What makes a city great? Among other things, great cities are tolerant communities that welcome and celebrate ethnic diversity. They support and foster local arts, have access to venture capital to spur entrepreneurship and innovation, and benefit from healthy local environments with clean air, clean water and access to nutritious, locally grown food.
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New York City is world class, not just because it's a driver of global finance and a hotbed of cultural innovation; it's also known for its green spaces, like Central Park and the award-winning High Line.
San Francisco is celebrated for its narrow streets, compact lots and historic buildings. These contribute to the city's old-world charm, but they're also the building blocks of a more sustainable urban form. They facilitate densification and decrease the cost of energy and transportation for businesses while improving walkability.
When it comes to urban sustainability, cities in the U.S. and Canada are employing innovative programs and policies to improve the health and well-being of residents and their local environments, like reducing waste and improving recycling (Los Angeles), containing urban sprawl (Portland), conserving water (Calgary) and passing policies to combat climate change (Toronto).
But most cities in Canada and the U.S. are lacking in infrastructure to move millions of people safely and affordably. With some notable exceptions, such as Vancouver and Calgary, no successful rapid transit infrastructure projects have been built in Canadian cities for decades.
A recent survey of urban experts and other "city-builders" across Canada — planners, municipal politicians, academics, nongovernmental organizations, developers and architects — concluded the abysmal state of public transit is the Achilles' heel of urban sustainability and is holding many cities back from achieving greatness.
Toronto residents spend more time battling congestion to get to and from work than in any other city in North America. This shouldn't be a surprise, as successive governments have failed to sustain and expand transit systems, even though the region has grown by about a 100,000 new residents a year. Toronto now scores 15th of 21 on per capita investment in public transit among large global cities — well behind sixth-placed New York City, which spends twice as much.
This failure to address transit infrastructure is serious. The Toronto Board of Trade estimates congestion costs the economy $6 billion a year in lost productivity.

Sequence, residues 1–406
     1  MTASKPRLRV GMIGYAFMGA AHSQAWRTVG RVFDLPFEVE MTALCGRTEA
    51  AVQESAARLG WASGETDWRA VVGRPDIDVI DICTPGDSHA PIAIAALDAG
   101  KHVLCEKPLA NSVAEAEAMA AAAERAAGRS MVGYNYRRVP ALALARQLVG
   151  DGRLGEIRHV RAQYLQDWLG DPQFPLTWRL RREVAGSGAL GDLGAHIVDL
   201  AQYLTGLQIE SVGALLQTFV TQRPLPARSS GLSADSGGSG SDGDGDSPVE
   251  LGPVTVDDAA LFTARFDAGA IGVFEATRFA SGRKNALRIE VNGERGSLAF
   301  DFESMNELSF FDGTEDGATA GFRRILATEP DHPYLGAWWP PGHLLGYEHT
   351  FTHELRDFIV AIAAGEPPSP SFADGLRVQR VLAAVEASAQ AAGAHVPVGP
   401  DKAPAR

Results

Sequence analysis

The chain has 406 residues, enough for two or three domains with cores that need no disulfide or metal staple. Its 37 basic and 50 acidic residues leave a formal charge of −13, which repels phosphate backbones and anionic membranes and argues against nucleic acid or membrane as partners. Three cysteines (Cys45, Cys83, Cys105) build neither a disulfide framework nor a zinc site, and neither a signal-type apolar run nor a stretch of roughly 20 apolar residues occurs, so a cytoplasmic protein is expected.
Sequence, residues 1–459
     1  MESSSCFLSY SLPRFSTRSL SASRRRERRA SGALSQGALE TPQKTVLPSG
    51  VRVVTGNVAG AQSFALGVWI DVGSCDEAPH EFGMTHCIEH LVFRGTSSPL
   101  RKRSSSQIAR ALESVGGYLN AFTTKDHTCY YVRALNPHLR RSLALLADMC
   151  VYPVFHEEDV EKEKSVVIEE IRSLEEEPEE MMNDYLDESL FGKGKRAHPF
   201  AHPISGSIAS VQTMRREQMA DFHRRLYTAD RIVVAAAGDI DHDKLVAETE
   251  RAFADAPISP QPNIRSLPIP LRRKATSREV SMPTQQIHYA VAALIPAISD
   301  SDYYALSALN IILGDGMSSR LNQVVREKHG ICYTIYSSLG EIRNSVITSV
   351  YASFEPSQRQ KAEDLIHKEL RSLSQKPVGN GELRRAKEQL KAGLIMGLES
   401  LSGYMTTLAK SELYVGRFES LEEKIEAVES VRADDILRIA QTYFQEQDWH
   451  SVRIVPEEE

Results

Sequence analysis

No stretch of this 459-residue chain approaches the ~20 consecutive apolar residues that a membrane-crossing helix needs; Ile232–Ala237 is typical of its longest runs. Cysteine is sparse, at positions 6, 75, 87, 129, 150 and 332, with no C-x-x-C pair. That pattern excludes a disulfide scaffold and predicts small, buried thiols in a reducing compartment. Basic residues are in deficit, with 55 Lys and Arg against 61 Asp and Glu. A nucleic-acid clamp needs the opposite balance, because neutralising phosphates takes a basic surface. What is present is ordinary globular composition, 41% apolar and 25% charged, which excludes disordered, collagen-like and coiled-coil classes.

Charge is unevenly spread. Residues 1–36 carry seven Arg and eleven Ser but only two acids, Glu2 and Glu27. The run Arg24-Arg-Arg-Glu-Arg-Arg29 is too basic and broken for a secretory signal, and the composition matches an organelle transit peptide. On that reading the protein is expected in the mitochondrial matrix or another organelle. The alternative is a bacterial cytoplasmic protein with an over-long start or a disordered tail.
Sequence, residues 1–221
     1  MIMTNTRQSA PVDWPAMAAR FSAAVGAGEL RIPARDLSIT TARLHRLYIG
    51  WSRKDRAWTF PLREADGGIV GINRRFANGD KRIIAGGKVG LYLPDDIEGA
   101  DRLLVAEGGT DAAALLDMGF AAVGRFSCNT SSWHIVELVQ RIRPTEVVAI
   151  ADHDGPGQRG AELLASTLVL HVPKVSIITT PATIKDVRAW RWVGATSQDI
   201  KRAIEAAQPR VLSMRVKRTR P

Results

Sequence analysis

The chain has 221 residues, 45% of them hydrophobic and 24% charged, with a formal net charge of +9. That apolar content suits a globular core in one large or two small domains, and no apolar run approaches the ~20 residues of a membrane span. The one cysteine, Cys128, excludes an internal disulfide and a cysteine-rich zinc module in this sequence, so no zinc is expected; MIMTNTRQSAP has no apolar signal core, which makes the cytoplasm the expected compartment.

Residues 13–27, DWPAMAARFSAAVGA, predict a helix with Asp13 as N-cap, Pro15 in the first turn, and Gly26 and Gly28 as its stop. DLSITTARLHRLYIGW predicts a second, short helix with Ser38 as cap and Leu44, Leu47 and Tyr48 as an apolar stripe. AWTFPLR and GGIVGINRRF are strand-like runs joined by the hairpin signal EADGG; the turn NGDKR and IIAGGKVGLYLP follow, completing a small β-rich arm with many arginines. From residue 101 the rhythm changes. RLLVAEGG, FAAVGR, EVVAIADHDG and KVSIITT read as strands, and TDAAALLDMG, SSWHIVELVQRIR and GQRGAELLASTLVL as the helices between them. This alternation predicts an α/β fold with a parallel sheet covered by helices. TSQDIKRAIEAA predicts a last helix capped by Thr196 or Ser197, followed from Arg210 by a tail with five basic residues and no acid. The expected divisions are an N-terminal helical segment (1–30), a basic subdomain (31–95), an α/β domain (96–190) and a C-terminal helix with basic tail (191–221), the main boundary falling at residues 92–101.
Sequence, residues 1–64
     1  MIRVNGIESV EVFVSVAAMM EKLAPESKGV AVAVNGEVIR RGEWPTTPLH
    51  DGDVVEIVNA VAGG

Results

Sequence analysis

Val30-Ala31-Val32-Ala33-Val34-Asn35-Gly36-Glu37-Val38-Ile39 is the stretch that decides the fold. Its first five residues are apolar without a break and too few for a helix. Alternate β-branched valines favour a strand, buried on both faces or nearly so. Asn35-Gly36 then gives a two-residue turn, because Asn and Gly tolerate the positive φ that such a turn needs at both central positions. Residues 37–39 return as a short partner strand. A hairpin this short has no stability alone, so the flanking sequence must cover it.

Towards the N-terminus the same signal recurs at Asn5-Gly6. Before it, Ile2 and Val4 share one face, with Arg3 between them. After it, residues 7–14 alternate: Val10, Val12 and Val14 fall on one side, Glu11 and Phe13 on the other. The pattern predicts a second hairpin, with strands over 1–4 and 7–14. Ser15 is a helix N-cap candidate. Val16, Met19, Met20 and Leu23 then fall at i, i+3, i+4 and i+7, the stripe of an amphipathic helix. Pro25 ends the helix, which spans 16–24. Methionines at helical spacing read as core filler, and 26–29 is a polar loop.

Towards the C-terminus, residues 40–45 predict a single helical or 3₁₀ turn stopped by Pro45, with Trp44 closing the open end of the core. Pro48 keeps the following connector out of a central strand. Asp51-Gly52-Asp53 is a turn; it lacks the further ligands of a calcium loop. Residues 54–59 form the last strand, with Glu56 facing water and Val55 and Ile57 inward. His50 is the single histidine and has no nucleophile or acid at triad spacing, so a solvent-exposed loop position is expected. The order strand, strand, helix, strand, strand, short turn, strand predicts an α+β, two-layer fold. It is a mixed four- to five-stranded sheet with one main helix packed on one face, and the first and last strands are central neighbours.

Furthermore, air pollution from traffic congestion is a major threat to public health, especially for our most vulnerable citizens, like children and the elderly. According to the Toronto Board of Health, pollution-related ailments result in 440 premature deaths, 1,700 hospitalizations, 1,200 acute bronchitis episodes and about 68,000 asthma-symptom days a year.
Fortunately, politicians are starting to respond. Ontario's government plans to spend billions to expand its regional transit system in the Greater Toronto and Hamilton Area, under a plan called the Big Move. It's also looking at new financing tools to ensure funding levels are adequate and continue into the future. But before we spend enormous amounts on improvements, we need to ensure projects contribute to a region-wide rapid transit network using the latest technology and adhering to the highest sustainability standards. They should also move the most people in the most cost-effective way.
That's why a proposal to use diesel trains for the Air-Rail-Link plan to connect downtown Toronto with its international airport in Mississauga is concerning. A rapid transit link with the airport is long overdue, but heavy diesel trains emit particulates and other contaminants, including known carcinogens. The proposed rail line would be close to dozens of schools and daycare centres, several long-term care facilities and a chronic respiratory care hospital.
Numerous experts, including Toronto's Medical Health Officer, have urged the Ontario government to abandon its diesel plan in favour of electric trains that could be better integrated into a region-wide rapid transit network.
Vancouver, San Francisco, Portland, Seattle and New York City have consistently ranked among the most livable cities on the continent, in part because they take the environment into account for planning decisions. They all have world-class public transit systems that move residents in a safe, affordable and sustainable way. It's time for Toronto and its suburbs to do the same. Effective transit and transportation solutions can spur economic productivity, protect the environment and improve quality of life.